“31 Days” gives the reader a glimpse into Kokoschka’s famous, and infamous, school and paints an intimate portrait of the artists with whom she shared the seductive Salzburg nights. Two decades after WWII, she observes the tensions and mysteries of an era in flux. Above all, she exposes the naïve curiosity of a young art student willing to take chances and discover a new world of love and sensuality.
Luxury, Inequity & Yellow Fever: Living Legacies and the Story of Old New Orleans
A new book by acclaimed author and photographer, Kerri McCaffety, “Luxury” pairs gorgeous photographs of two of New Orleans’ most majestic historic landmarks with captivating accounts of the turbulent times of antebellum New Orleans. The Hermann-Grima + Gallier Historic Houses have been preserved and restored to their original glory thanks to The Woman’s Exchange, one of the oldest continually run nonprofits owned and operated by women.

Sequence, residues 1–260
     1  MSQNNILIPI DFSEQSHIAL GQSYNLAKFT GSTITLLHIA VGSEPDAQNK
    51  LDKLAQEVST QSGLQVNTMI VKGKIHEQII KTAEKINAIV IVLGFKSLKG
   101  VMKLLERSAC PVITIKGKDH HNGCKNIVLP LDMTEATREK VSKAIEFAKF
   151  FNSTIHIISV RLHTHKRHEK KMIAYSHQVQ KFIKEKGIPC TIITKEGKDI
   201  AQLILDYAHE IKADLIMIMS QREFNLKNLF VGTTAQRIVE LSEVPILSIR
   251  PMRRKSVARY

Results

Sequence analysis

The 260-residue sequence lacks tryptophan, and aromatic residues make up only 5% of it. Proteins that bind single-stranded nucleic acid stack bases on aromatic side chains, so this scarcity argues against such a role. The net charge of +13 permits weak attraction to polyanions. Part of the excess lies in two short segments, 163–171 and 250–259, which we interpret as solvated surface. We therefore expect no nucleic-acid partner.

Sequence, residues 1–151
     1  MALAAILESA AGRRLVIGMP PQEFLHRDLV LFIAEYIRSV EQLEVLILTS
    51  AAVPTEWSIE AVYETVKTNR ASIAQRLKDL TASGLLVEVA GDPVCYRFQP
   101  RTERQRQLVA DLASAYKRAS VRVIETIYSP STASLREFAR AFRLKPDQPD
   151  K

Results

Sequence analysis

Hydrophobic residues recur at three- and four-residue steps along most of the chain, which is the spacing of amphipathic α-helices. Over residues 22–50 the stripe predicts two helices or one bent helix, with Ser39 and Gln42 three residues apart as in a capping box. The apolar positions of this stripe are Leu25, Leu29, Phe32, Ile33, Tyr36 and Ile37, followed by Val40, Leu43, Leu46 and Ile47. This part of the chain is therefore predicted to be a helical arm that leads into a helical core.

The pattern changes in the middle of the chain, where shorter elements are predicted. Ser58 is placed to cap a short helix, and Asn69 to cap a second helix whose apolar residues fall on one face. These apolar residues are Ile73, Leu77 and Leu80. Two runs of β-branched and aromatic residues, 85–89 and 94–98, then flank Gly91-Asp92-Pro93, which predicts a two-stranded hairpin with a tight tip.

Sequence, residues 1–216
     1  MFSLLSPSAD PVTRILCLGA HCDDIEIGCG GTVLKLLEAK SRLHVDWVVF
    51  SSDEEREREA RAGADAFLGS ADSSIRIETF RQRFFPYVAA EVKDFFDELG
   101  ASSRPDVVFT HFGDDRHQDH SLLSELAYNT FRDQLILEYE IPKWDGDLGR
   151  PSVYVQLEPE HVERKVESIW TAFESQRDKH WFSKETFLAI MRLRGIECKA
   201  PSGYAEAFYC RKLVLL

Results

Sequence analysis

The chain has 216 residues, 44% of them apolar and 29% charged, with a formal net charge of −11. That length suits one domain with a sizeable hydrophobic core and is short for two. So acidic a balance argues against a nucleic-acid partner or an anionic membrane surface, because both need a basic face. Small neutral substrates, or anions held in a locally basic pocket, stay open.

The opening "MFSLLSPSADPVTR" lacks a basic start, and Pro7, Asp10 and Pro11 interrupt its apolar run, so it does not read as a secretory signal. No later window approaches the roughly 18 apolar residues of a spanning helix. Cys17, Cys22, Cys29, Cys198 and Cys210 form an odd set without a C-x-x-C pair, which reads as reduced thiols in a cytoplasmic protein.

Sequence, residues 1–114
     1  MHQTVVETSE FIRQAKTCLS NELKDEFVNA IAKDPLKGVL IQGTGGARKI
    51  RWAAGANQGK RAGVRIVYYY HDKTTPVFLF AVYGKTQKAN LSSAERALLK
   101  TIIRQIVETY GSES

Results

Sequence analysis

- 152 pages of beautiful photographs and intriguing history;
- Intricate details about 19th century New Orleans—a romantic, mysterious and decadent time of wealth, slavery, hurricanes and disease;
- Perfect for history enthusiasts, photography lovers, and readers of all ages;
- Retail price – $45;
- Available online at the Exchange Shop at the Hermann-Grima House and Barnes and Noble.
Originally published in 2010 as From the Corners of the Ring to the Corners of the Earth: The Adventure Behind the Champions, this is the hilarious, thrill-a-minute story of how a Jewish engineer from Brooklyn came to be the promoter of the most famous fights in boxing history – the Ali-Foreman Rumble in the Jungle. The hoops Hank Schwartz jumped through to pull it off make for an over-the-top, page-turning story that features Muhammad Ali, George Foreman, Joe Frazier, the unscrupulous dictators of developing nations, the biggest banks in the world, Howard Cosell, and, of course, “Mr. Self-Promotion,” Don King.